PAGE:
Wednesday, September 03, 2008

The Awakening – review

Author: John Russo

First Published: 1983

Contains spoilers

The Blurb: “For two hundred years, he has rested. Now he rises. Now he will be satisfied. Nothing can stop him. No one can resist him.

“Benjamin Latham is young and handsome, his eighteenth-century mind wakened to a bizarre twentieth-century world. And there is the need within... an animal need, frightening, murderous, unholy... a vital need that must be fed
“And with his need comes a power over men and women to do his bidding, to quiet his dark craving...

“Until the murders begin. And the inquiries. All suggesting the same hideous truth.

“Now Benjamin must find sanctuary: a lover, a partner, a friend. Someone who can share his darkness. Someone he can lead to... the awakening”

The review: When I reviewed the movie Dark Craving, I mentioned that the film was based upon director John Russo’s own novel. When I published that review I mentioned that I had immediately ordered the novel, I also said that the film “lacks atmosphere and the acting is perhaps too ... It has story however, it has unique lore by the bucket full”.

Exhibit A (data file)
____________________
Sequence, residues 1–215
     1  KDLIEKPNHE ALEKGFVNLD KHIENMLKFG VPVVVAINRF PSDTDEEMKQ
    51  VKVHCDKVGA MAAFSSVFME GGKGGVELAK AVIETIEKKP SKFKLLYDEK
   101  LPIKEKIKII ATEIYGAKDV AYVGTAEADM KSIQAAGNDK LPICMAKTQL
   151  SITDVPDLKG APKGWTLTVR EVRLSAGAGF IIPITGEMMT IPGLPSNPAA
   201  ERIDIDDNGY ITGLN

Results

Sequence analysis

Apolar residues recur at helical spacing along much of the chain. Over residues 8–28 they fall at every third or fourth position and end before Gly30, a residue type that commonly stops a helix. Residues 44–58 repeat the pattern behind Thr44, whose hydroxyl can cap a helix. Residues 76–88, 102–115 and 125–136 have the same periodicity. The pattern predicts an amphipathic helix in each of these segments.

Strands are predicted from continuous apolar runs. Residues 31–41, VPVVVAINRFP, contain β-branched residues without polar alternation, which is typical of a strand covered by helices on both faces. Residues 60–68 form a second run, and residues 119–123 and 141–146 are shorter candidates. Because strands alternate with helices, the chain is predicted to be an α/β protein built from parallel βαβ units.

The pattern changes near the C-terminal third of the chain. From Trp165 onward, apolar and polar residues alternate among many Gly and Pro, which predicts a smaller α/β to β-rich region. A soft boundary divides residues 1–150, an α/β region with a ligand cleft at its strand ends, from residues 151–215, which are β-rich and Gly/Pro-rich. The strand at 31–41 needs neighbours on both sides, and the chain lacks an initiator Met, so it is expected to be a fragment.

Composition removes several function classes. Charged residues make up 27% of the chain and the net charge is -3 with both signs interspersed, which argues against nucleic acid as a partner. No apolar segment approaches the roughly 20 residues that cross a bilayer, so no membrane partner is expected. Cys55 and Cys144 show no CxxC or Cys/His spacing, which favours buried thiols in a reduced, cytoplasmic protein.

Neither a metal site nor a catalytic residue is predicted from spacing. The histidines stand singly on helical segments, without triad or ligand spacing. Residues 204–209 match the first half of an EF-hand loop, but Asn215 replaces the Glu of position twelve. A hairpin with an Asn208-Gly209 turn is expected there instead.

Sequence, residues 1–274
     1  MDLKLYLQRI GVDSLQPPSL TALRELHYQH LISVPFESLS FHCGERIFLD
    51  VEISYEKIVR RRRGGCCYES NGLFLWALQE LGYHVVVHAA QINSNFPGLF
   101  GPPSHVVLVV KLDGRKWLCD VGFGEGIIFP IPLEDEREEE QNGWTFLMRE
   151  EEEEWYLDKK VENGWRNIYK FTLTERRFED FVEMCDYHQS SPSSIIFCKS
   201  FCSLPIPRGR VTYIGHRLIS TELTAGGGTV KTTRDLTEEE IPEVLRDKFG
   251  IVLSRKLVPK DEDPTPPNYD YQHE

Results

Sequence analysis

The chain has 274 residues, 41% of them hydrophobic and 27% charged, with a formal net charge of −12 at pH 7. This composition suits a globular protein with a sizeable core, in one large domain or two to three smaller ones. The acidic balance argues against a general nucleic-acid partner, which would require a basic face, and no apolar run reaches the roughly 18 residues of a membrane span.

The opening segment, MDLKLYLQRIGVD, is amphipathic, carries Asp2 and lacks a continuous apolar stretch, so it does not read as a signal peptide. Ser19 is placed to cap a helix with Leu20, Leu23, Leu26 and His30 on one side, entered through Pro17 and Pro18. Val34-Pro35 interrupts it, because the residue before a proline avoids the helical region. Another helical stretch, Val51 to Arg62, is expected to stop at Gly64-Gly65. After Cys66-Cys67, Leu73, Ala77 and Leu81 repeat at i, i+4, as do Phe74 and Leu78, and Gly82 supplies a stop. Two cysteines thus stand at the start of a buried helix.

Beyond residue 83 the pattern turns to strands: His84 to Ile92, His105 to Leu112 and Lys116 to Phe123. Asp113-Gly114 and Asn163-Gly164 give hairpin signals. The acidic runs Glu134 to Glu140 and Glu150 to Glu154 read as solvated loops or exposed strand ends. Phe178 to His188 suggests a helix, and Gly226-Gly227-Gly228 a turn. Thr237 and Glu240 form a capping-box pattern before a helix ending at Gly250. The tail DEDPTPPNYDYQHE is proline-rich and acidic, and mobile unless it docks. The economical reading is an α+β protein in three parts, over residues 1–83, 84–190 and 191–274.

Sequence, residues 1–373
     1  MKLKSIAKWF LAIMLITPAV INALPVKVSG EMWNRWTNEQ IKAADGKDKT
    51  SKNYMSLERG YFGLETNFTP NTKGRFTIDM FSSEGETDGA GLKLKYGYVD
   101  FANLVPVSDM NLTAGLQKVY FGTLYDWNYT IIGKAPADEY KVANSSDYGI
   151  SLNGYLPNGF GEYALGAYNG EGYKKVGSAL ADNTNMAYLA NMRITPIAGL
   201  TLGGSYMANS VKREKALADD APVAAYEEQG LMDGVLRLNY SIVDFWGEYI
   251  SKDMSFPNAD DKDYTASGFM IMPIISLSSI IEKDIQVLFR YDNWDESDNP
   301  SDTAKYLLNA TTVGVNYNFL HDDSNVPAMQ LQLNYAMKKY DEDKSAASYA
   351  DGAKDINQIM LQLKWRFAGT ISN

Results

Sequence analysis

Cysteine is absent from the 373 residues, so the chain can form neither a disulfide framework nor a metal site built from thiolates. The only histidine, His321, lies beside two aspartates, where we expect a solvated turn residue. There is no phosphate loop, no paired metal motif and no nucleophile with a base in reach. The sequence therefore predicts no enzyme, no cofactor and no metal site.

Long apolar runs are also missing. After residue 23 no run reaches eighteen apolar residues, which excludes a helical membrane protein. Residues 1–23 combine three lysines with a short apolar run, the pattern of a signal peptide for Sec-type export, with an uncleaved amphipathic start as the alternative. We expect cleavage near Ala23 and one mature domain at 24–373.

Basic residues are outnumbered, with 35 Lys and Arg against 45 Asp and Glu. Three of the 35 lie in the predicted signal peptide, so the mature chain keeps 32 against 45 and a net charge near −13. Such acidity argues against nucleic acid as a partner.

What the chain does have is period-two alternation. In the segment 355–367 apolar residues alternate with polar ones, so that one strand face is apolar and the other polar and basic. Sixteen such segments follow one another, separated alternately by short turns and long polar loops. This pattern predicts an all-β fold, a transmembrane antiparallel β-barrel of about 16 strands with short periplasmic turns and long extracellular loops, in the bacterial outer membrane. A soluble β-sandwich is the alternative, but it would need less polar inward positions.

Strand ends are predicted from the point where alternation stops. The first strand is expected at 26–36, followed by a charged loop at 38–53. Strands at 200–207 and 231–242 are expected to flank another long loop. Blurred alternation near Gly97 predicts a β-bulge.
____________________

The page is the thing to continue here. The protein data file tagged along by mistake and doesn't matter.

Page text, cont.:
One of the joys of the novel is that it has much more atmosphere lurking between the words, than perhaps was transposed to screen. It also has an easy style that ensures that the reader is drawn into the world of Benjamin Latham.

The blurb is perhaps one of the more inaccurately vague blurbs I have read for a while, but the main concept of the story is as described in the movie review. There are differences, the number of feeds investigated (we discover in the book that Benjamin feeds on a roughly 28 day cycle – neatly connecting his vampirism with perhaps more 19th century lunar traditions) are curtailed in the movie. The role of Benjamin’s descendant is slightly altered, more vicious and more fulfilling.

We get even more lore, and the lore in the main works well. I suggest you read the movie review for details on Benjamin’s rebirth through others superstition and his poisonous saliva. However we discover that, unless spotted first, he can make people simply not see him and has some degree of mind control. This is not absolute however. The cop (or trooper in this) Vargo becomes more and more immune due to his single-mindedness and, perhaps, because he is really mentally ill. Certainly Benjamin cannot control those in the grip of psychosis.

I was less sure about the turning process (of Lenora, Benjamin’s lover). This was well thought out in the movie, and most of the process is the same in the novel. There is also the addition of Lenora kissing where Benjamin’s navel should have been and an energy passing between them – over complicated in my book, the passing of the saliva and other bodily fluids was enough.

A minor lore quibble, however. Certainly worth digging out as a novel. 7 out of 10.

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